Thomas Mapfumo's Chimurenga Explosion (aNOnym reCOrds) is a mature brew, distilled over three decades of frontline struggle for the rights of ordinary Zimbabweans. Throughout the album, the sweet groove of the multiple mbira is carefully touched with bright guitar lines and impeccable percussion. The music swells with rugged insistence and urgency, even as Mapfumo's voice provides a steady reassurance. The more rootsy, the better. On the tracks "Chisi," "Wachiona Chirombo," "Kariba" and "Zvichapera" you realize that Mapfumo has returned to classic Chimurenga rhythm played not just for the fun of the music but for healing the troubled soul.
The traditional-based track "Disaster" loudly hints at the corruption in Zimbabwe, and here the veteran musician veers away from the classics to try something different. Mixing some reggae, Chimurenga and traditional Shona melody, he creates a heady dance rhythm. The horns are somewhat misplaced here, but it does not really matter as the lead guitar dives in and out to the rescue.
On the rest of the tracks on this 12-song album, Mapfumo is in the thick of it all, leading a pack of seasoned mbira players, sharp percussion and raucous horns to create great Chimurenga dance music. Whether you choose to twirl or simply sit and listen, there is an unmistakable feeling that this music is speaking to your entire being. Mapfumo is still very involved in the battle for the rights of ordinary Zimbabweans, carefully channeling his anger, never allowing it to spill out into chaos.
Another veteran who knows a thing or two about the "good old days" is Congolese crooner Sam Mangwana. Sam Mangwana sings Dino Vangu (Stern's) is a return to the Golden Era of Congolese rumba when the music was more than just showmanship, but raw talent as well. He reunites with old chum and guitarist Dino Vangu (the two played together in the late 1960s and early 1970s in the band Festival de Maquisards) in an album that could have been named "Tribute to Franco Luambo Makiadi," as it revisits the rumba style pioneered by the late guitar maestro.
The album also features Nana Akumu (formerly with T.P.OK Jazz) and bassist Miguel Yamba (Zaiko Langa Langa). Together, the two bring to life the lost art of making music that people can actually enjoy.
This is more than mere nostalgia; it packs more TNT per square inch than anything Mangwana has done in a while. The music is measured and carefully constructed to bring out the ambiance of the time when you could still hold your partner up close, dance cheek to cheek and dream, but listen to "Marie Kembo," "Femmes Africaines," and "Kiyedi." Mangwana's voice is timeless and Vangu's coquettish, devilish guitar fritters like a bright-colored African Kingfisher among the rustling of tall reeds.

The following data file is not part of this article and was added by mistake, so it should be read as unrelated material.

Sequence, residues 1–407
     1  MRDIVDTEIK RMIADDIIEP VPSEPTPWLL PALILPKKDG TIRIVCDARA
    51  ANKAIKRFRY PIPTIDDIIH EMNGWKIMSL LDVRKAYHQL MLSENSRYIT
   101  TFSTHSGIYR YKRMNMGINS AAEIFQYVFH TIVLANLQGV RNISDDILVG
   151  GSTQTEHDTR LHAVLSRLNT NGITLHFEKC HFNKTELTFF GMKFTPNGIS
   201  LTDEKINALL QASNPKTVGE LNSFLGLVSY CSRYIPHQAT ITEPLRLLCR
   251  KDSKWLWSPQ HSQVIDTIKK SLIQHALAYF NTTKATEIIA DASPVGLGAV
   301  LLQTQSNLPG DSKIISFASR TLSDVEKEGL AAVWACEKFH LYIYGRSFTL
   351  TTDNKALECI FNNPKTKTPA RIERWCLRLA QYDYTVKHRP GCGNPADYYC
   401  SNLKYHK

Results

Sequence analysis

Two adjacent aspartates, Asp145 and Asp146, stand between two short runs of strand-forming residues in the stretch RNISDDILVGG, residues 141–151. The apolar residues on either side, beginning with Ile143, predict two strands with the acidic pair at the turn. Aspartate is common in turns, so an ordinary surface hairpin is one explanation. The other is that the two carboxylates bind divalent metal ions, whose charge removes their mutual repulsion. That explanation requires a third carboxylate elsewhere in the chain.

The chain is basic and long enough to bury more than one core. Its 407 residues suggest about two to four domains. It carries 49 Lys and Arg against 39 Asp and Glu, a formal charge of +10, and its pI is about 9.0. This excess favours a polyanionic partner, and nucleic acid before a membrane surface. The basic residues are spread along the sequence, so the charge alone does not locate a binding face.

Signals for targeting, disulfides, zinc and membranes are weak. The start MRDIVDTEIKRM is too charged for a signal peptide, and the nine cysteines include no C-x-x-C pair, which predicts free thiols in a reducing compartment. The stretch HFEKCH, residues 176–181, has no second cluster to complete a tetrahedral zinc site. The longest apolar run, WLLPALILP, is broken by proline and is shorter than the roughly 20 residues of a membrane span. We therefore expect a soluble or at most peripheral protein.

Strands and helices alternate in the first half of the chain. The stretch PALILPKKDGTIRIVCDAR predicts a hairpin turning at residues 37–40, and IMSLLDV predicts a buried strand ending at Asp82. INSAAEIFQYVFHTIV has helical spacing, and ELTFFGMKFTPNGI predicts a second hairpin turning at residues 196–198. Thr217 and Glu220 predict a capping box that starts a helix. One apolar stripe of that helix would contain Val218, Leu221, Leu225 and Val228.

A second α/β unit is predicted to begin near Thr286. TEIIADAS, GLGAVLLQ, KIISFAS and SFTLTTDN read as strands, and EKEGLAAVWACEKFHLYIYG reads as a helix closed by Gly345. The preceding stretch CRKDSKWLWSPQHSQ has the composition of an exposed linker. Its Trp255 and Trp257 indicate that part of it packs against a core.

"Escrobondo" and "Ibrahim" seem to be lifted right off a page in Franco's scrapbook, but there is absolutely no doubt that both Mangwana and Vangu are enjoying themselves and it shows in the very rare, authentic Congolese rumba ambiance that the album evokes. Most important, the music sways, shakes and brings the kind of joy that the frenetic world of soukous could never even dream of. This is pure stuff of life; you sip it once and you want more.
Reggae from Abidjan
One of the good things about reggae is that it can be written in any language and it still sounds good. That is mostly true of the album Black System (Stern's) by Ismael Isaac, a 33-year old singer from Ivory Coast. The music, produced by renown music doctor Ibrahim Sylla, is sung in a combination of languages including French, Malinke, Dioula, and Bambara. Hugging close to the classic reggae rhythm of Marley and the explosive lyrics of countryman Alpha Blondy, Isaac's voice radiates a kinetic sweetness. He is especially lethal in the slower genre when the instruments let up to allow the voice more room. My favorite track is the title song in which the call-and-response is truly matched by the keenly tuned instrumentation.
The rest of the album, however, suffers from too much production, which gives it a kitschy quality. The percussion is overpowered by the keyboards and programming, when a good dose of the real drums, tama and djembe might have been the solution. Still, this is as good as it gets on a debut effort.
Hot Music from Canada
Ottawa, the capital of Canada, is undeniably one of the coldest place on earth (I know, I lived there for two years). But it has spawned Cheza, a pepper-hot world music group with strong African roots. Singing in French, Kiswahili, and English, the group has put out a potpourri album titled Shaker (Festival Records - www.festival.bc.ca). The album selects the best ingredients from rock-n-roll, African traditional roots, Congolese Rumba and soukous, makossa, R'n'B, jazz and rap to create a completely original music that beckons you to the dance floor.
The tracks "Pili Pili," "Sokomoto" and "Mziki wa dunia" spring from African roots, but soon branch out into rap, jazz and blues. As you listen to the music, it dawns on you that the apparently simple, even repetitive lyrics are overlaid with rich and complex melody. Far from being Franken-music, it's a smoothly conceived and executed album that can only come from paying the utmost respect for music from all corners of the world.
The slow tune "Mziki wa duniya" has Far Eastern tendency, African attitude and western sensibility that makes it a choice track. It captures neatly what the group is all about: the children of world music having fun.
Audio: Sam Mangwana and Ismael Isaac both (p)©2000 Stern's Music
You can hear music from the Thomas Mapfumo album, and download MP3s at www.anonymousweb.com
order these CDs from cdRoots
Opiyo Oloya is the host of the radio program Karibuni on CIUT 89.5 FM Radio, Toronto. The show airs on Sunday, 6:00 PM- 8:00 PM. CUIT is now available via Real Audio G2 at www.ciut.fm